Vultures

Closeup Photo of Vulture

When I was a young girl, many, many years ago, my Mom and I often picked wild strawberries as a special summer treat for that night’s dessert. On one occasion, as I bent down to loosen a cluster of sweet tiny red berries from their stemsout of the corner of my eye something caught my attention. I looked beyond our neighbor’s house, and into the sky over’Sugar Hill’, where I had enjoyed watching a lot of awesomely beautiful sunsets. A large dark bird with an impressive wingspan was moving quietly and slowly, circling in the sky over the hill.

“What IS that, Mom?” My mother stopped picking berries and stood upright, shading her eyes from the bright sunlight. “Oh”, she said with a positive note,”that’s a turkey vulture riding a thermal.”

The truth about turkey vultures:

Gentle, affectionate and devoted parents
Don’t spread any diseases whatsoever, contrary to popular beliefs
Essential part of Nature’s cleanup crew
Perform removal of carcasses before they can become diseased
Purify environment by eliminating animal cadavers that are already infected
Considered sacred in certain cultures for their gift of sanitizing
Enjoy soaring on high with hot thermals to lift them ever upward
Resemble wild turkeys with their red featherless head, dark body and two-tone wings
When you think of vultures, what images come to mind? While those are clear responses, I fear they are based on images conjured up by Hollywood Westerns.

The black vultures most often seen from the west and south throughout Mexico are indeed competitive. They circle on high looking for their next meal, and squabble over their finds like selfish children.

Common all over america, it is the turkey vulture which uses its highly developed ability to detect the stench of cadavers, even at great distances. These large eagle-sized birds game distinctive two-toned wings which are dark brown, with silvery grey feathers on their wing edges.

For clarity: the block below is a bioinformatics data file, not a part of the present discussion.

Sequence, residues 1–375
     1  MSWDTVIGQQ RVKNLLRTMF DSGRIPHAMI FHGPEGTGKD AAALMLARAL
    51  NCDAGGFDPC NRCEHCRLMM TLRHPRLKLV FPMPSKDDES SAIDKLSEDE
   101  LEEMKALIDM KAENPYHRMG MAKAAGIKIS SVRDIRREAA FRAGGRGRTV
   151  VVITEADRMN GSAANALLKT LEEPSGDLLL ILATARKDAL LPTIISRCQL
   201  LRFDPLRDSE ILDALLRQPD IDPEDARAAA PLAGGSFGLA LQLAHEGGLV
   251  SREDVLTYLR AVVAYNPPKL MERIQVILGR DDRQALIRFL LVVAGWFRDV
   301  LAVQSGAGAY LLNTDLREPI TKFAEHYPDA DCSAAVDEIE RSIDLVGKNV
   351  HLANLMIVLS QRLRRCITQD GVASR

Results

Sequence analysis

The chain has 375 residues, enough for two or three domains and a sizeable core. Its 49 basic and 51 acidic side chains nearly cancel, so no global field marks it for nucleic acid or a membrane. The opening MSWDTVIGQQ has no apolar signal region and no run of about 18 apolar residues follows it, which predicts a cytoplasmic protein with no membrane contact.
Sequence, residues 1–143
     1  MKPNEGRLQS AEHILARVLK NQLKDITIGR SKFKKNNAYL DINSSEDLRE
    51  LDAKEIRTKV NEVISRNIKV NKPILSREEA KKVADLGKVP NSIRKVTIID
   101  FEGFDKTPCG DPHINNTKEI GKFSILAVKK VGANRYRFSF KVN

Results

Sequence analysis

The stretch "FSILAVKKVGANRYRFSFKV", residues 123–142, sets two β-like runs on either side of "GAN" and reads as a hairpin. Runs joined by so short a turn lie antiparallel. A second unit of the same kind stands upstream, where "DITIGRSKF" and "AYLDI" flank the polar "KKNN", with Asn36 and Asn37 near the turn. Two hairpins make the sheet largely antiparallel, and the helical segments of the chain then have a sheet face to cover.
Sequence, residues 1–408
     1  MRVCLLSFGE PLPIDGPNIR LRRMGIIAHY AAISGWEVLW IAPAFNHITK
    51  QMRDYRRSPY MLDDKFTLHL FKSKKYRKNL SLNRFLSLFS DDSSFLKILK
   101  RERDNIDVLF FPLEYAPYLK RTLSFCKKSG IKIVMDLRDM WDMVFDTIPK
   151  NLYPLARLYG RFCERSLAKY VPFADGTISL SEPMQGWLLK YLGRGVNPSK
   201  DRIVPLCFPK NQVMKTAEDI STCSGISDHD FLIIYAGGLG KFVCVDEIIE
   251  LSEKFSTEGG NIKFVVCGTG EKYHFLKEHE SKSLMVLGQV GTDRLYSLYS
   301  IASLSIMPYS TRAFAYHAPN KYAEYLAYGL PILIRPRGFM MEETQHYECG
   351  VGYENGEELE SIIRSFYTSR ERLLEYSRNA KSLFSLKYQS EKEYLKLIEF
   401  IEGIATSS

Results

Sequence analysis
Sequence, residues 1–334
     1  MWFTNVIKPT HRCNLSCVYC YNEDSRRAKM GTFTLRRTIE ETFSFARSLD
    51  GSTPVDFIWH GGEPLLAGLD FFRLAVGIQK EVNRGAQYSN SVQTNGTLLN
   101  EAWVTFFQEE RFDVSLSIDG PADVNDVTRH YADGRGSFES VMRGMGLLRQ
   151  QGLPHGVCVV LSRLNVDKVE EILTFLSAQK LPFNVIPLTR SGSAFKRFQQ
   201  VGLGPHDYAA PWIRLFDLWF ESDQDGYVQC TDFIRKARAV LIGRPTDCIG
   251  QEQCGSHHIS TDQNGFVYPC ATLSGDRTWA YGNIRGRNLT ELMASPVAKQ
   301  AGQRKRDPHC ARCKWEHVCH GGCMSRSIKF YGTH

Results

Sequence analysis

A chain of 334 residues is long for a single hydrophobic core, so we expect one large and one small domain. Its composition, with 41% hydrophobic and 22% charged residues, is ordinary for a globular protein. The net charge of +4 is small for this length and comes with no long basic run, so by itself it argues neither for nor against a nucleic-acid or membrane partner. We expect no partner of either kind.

Turkey vulture heads are small and featherless for a very good reason. Think about it–much like workmen dress for the job, these birds do the opposite. They undress (their heads) for the job at hand. If their noggins had feathers, they would find all gummed up when they dove into carcasses. It is not pretty, but it is true. Vultures would be spending far too much of their time preening and cleaning rather than filling their bellies. The smaller head size allows them to get into all the nooks and crannies where the meat is. In the bird world, efficacy most often translates to survival.

When the young hatch from their excellently camouflaged eggs, they are powerless to defend or feed themselves. Their parents are aware for potential predatory attacks, and they’re adept at providing plenty of food for their downy chicks to another 60 to 80 days.

In some cultures they’re revered as cleansers and sprays. Buddhists think they have the ability to release the soul and take it to Heaven. So it is a routine practice to provide their deceased to vultures for’cleansing’ and delivery to the firmament, also called’sky burials’.

Their scientific name, Cathartes aura, really translates to ‘purifying breeze’ or’golden purifier’. Both of those interpretations is more precise than the term’vulture’, which means to rip.

Turkey Vultures are gentle creatures, despite their ghoulish reputations. They’ll take turns, rather than fight over bits and pieces of flesh. Other birds, like the black vultures and hawks, find it easy to drive them away out of their own finds.

Having excellent immune systems prevents them from contracting any nasty diseases from the dead creatures they ingest. When roosting on the ground or atop a dead tree stump, they spread their wings outward with their backs to the sun to help rid them of parasites contracted by their food sources.

If they feel afraid or threatened they regurgitate (frequently in the direction of the perceived threat). This offensive act repels, and takes their attacker by surprise, with the sight and awful odor. Plus, it serves to lighten the load for a faster get away!

The unfounded fears that turkey vultures spread disease frequently prompts intentional shootings and unkind poisonings and trappings. However, these birds keep the environment clean and disease free, rather than the reverse.

As humans, I think we sometimes tend to equate beauty with goodness, and ugliness with evil. All living things have a role on this Earth. The misunderstood and much maligned Turkey Vulture serves a noble goal. We need to look past the superficial idea of attractiveness, and provide the Turkey Vulture that the reverence it has rightfully earned and deserves.

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